SPEW Presents: House-Elves on the Silver Screen (Or Lack Thereof)
On this day 21 years ago, Hermione Granger formed SPEW to promote fair treatment of house-elves. In honor of this anniversary, put on your SPEW badges, and go fight for the cause! Here are our top house-elf moments we wish had been included in the films.
I think this was a seriously missed opportunity. On the surface, Winky’s slide into her butterbeer addiction is comical, so it would have been an entertaining addition to the films. Also, on closer examination, it’s an honest and tragic look at what unemployment can do to a person (or elf), and this could have gone well with the real-world themes that the movies started to pull in toward the end of the franchise, such as the obvious comparison between Nazi Germany and the corruption of the Ministry of Magic.
Who didn’t want to see the house-elf army using their kitchen knives to hack away at the Death Eaters’ ankles? I think we all wanted to see that endearing moment where the elves are defending their home, and Kreacher is fighting to avenge the death of his master, Regulus Black.
It’s no secret that the only reason Kreacher even made it into the 5th film is because J.K. Rowling hinted that he would be important later on. Even though they did briefly show the house-elf heads on the wall in No. 12 Grimmauld Place, I wish they had elaborated a little more on the subject of the house-elves and their devotion to the House of Black. As creepy and morbid as it is to have your life’s ambition be to have your head mounted on a wall, it was an extra element of crazy to explain the Black family. They are, after all, the relatives of Bellatrix Lestrange, so any detail about how they lived is insight into why Bellatrix is so deranged.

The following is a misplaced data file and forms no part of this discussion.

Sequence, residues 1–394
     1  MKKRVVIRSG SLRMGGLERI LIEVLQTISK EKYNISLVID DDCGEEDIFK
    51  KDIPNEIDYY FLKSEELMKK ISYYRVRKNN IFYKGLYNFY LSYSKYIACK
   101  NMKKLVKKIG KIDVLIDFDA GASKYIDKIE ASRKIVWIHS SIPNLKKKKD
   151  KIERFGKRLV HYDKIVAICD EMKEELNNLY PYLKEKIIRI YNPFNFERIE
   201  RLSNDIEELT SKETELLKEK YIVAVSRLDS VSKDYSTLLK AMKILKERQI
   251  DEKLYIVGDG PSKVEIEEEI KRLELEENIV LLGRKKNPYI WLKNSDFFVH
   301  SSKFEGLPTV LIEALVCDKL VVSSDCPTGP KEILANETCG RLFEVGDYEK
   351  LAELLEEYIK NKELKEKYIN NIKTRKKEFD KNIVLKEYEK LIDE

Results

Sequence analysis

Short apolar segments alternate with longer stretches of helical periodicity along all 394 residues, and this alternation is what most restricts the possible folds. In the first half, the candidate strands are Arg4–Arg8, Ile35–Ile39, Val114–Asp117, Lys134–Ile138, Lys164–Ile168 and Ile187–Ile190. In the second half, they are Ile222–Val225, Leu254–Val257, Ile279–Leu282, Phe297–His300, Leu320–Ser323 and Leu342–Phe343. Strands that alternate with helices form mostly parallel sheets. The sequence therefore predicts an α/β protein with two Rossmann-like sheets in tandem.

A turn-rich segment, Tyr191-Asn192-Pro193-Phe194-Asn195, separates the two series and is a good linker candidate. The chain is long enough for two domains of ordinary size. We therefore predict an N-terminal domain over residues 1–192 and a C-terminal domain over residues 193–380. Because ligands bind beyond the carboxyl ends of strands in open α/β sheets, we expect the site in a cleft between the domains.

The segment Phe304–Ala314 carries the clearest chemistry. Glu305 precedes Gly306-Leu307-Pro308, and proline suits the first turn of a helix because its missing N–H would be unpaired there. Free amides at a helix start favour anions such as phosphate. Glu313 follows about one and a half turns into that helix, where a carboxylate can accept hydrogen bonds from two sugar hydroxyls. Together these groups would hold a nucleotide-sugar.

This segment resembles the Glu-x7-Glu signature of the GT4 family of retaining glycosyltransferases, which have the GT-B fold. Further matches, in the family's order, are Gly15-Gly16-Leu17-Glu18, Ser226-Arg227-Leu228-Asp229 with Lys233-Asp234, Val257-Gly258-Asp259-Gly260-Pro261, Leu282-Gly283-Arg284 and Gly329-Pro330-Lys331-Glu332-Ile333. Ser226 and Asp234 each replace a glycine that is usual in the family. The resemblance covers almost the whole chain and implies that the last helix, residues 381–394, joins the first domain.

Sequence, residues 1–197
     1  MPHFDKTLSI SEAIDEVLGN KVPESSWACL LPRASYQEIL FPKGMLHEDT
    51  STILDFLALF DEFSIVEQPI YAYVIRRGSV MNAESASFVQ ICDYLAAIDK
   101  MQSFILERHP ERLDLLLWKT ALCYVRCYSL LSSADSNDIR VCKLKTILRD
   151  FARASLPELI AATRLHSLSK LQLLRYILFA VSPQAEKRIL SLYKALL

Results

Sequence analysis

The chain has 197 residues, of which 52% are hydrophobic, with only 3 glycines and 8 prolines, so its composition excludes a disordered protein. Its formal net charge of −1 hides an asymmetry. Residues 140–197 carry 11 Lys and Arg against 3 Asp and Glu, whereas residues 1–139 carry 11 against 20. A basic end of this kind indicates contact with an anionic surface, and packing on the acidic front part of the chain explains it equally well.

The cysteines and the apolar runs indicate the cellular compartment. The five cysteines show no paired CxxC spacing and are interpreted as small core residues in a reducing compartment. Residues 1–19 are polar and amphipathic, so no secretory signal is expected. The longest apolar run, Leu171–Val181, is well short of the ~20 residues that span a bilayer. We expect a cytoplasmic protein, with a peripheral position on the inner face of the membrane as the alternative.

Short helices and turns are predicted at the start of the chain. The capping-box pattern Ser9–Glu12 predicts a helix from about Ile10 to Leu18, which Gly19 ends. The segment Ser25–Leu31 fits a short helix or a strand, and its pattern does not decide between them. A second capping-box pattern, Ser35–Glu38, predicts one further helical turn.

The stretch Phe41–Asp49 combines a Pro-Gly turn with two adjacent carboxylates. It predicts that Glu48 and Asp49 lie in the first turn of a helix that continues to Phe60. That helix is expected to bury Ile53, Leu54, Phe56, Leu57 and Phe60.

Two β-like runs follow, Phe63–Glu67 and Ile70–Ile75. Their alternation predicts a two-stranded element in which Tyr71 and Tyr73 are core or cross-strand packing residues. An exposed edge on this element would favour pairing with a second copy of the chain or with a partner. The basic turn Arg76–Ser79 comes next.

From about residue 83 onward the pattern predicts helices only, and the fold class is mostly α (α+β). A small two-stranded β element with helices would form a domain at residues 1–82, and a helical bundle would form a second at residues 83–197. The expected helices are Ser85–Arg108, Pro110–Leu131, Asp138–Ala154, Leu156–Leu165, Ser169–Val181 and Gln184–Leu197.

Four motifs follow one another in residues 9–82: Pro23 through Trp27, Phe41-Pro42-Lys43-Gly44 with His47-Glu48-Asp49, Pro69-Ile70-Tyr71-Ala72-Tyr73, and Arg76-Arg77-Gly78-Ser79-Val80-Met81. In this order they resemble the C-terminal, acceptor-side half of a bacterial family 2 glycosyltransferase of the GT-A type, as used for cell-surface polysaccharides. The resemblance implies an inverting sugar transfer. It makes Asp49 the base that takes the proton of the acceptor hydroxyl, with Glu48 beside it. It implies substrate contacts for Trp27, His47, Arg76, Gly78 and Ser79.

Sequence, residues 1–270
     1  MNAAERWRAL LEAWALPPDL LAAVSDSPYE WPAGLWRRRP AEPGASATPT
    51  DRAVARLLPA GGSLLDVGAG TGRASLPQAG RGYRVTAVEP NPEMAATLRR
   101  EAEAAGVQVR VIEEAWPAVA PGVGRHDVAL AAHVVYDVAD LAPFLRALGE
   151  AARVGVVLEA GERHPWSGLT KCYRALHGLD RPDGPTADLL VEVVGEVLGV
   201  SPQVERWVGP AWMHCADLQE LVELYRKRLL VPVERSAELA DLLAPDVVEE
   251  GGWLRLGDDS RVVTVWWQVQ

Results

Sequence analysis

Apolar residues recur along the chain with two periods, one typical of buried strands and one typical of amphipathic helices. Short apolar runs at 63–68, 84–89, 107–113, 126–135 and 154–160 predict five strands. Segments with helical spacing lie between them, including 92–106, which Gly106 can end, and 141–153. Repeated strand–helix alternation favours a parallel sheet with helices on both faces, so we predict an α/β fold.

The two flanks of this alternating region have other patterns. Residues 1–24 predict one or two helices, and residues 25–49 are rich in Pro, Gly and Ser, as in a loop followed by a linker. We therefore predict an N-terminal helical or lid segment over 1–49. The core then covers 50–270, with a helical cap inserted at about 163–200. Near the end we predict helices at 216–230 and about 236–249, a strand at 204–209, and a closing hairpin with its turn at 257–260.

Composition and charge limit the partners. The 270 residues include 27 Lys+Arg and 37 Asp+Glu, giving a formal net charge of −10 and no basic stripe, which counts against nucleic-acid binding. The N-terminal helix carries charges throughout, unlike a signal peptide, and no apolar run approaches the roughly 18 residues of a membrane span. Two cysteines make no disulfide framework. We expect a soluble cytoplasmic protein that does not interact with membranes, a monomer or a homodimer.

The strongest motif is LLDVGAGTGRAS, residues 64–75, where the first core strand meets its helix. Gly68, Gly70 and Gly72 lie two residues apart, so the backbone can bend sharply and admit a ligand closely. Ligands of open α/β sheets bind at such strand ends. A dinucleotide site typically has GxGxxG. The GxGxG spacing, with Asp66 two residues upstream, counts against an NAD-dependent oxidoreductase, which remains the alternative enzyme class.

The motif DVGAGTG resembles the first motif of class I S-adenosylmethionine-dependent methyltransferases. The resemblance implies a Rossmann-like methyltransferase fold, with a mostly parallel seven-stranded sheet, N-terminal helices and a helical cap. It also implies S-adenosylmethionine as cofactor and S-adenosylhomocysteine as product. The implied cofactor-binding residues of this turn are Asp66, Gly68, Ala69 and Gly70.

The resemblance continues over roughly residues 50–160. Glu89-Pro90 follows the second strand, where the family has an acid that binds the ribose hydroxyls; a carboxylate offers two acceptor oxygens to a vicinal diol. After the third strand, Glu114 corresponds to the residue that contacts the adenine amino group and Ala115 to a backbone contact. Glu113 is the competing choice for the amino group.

The Hogwarts kitchen staff
I can’t help but wish we had gotten a scene in the kitchens. The way the elves hand out the food combined with the lost moments of Fred and George “sneaking” food from the kitchens would have added another moment of humor since the twins did not do anything nearly as impressive as the other Gryffindors thought. It’s also funny that the house-elves are supposed to be so strictly by-the-book, but they are helping students get away with something they aren’t supposed to do. It makes one wonder if Dumbledore knew students took food from the kitchens, and he almost encouraged his employees to give handouts.
The whole Harry/Kreacher relationship was interesting to watch in the books, including Kreacher begrudgingly following Draco for Harry in Half-Blood Prince. This would have developed the elf’s presence, rather than dropping him into the story in Deathly Hallows after only giving viewers a shadowy glimpse of him in Order of the Phoenix.
Kreacher warming up to Harry
In Deathly Hallows, Harry thinks of Kreacher making the trio dinner back at Grimmauld Place where they wouldn’t be returning and feels a pang for the elf who would be awaiting his return. When I read this section of the book, I thought it was actually kind of touching. Harry earned Kreacher’s respect by treating him as more than just a servant to do his bidding, and the two actually began to get along.
One of my favorite Dobby moments is when he appears in Goblet of Fire, and it is learned that all the socks and hats that Hermione has been leaving around the common room in an effort to free elves have gone to one recipient. The image of Dobby drowning under a pile of hats is one I would have liked to have seen on screen.
The cutting of SPEW made me sad at the time of the Goblet of Fire movie release, and I have developed more reasons for why it should have been included as we’ve learned more about the unwritten future of the book characters. The SPEW plot is important to understanding Hermione’s future endeavors of working in the Department for the Regulation and Control of Magical Creatures to improve living conditions for house-elves and other non-human magical creatures. It would have been nice to see something that was clearly so influential to Hermione make it into the films.